Thursday 13 October 2016

telling stories...

A little while ago, I discovered a little stash of my old school yearbooks. My mum and dad have got all my old reports kicking about somewhere too – that’s fun for another day – but these were the end-of-year magazines that told parents about how the sporting teams had been getting on, who won what prize and things like that. They also contain little poems and short stories and things written by the pupils.

One issue was from about 1985, and I was amused to discover that it included a little short story that I’d written – aged 11. It’s probably about 500 words long, and much to my surprise, was quite interesting. It tells the story of a couple of guys walking along Hadrian’s wall (I think we’d been on holiday in Carlisle that summer). Something underfoot catches the eye of one of the walkers, and they stop to pick up a piece of rusty metal…. at which point we flash back to a Roman garrison manning the wall and see the attack by the Picts that led to the end of a sword breaking off in someone’s chest. The fragment of metal is dropped in surprise, and we’re taken back to the present day.

Not too bad, I thought…. but it’s not even the best story in the magazine: there’s another one, set in an unspecified future where a teacher is telling her class about an animal called an “abbit” that used to be common but has now disappeared entirely and has almost been forgotten. This story ends in another classroom, a little further into the future, where another teacher is telling another class about an animal called a “bbit” that used to be common but has now disappeared entirely.... This story was written by an 11 year old in 1985, but it’s so striking that it has stayed with me ever since. In fact, the environmental message it conveys is, if anything, more resonant now than it was then.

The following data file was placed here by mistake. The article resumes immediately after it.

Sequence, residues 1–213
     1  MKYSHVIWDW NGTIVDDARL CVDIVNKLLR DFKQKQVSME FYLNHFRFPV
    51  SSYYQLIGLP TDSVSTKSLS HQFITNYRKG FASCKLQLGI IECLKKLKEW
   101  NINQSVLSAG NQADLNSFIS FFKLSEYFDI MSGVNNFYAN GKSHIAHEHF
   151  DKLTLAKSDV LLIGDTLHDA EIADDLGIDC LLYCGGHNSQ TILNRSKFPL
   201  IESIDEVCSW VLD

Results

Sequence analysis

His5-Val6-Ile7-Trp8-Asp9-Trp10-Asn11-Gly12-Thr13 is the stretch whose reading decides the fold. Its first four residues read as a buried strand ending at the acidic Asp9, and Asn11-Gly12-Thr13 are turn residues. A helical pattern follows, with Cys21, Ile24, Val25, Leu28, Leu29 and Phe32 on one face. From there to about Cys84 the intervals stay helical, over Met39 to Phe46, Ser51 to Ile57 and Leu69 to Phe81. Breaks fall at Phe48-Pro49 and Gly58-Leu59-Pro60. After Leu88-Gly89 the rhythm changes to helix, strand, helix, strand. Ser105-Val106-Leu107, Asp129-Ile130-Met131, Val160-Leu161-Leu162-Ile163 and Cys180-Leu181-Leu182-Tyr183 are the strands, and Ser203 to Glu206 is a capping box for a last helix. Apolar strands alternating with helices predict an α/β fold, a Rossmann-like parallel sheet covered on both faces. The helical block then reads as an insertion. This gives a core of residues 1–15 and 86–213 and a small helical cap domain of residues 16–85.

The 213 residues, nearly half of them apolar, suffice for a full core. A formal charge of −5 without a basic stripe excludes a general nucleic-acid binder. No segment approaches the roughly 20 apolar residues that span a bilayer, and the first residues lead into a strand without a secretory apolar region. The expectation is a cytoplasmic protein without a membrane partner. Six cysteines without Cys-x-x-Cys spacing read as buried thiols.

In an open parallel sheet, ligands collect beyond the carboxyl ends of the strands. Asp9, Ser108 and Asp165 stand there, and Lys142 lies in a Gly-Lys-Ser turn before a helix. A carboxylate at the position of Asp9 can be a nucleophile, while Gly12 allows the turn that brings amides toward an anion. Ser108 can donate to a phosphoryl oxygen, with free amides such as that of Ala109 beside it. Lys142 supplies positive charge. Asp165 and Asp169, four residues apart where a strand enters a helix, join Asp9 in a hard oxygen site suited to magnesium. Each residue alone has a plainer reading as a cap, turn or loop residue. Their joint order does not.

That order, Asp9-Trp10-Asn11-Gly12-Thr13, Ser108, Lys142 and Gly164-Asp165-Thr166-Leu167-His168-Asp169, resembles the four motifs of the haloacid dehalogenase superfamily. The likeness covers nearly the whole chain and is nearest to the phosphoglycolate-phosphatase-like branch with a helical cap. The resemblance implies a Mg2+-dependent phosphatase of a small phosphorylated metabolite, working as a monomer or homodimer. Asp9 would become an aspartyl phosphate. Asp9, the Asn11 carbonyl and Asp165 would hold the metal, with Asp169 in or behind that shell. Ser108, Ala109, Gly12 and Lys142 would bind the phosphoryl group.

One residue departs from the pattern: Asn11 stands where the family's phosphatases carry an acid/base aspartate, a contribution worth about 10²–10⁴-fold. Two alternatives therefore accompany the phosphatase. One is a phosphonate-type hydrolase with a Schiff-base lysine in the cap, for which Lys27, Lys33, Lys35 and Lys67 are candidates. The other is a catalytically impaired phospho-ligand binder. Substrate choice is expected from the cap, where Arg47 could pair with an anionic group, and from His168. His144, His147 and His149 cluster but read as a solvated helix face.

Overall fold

I’ll have to have a dig around and see if I can’t find it again to at least give you the name of the author to give them a bit of credit.

In 1987, I was made Head of School at this place. I often tell people that this – at age thirteen – was the peak of my maturity and that it’s been a slow decline from that high point ever since. I think that my creative writing peaked about the same time too.

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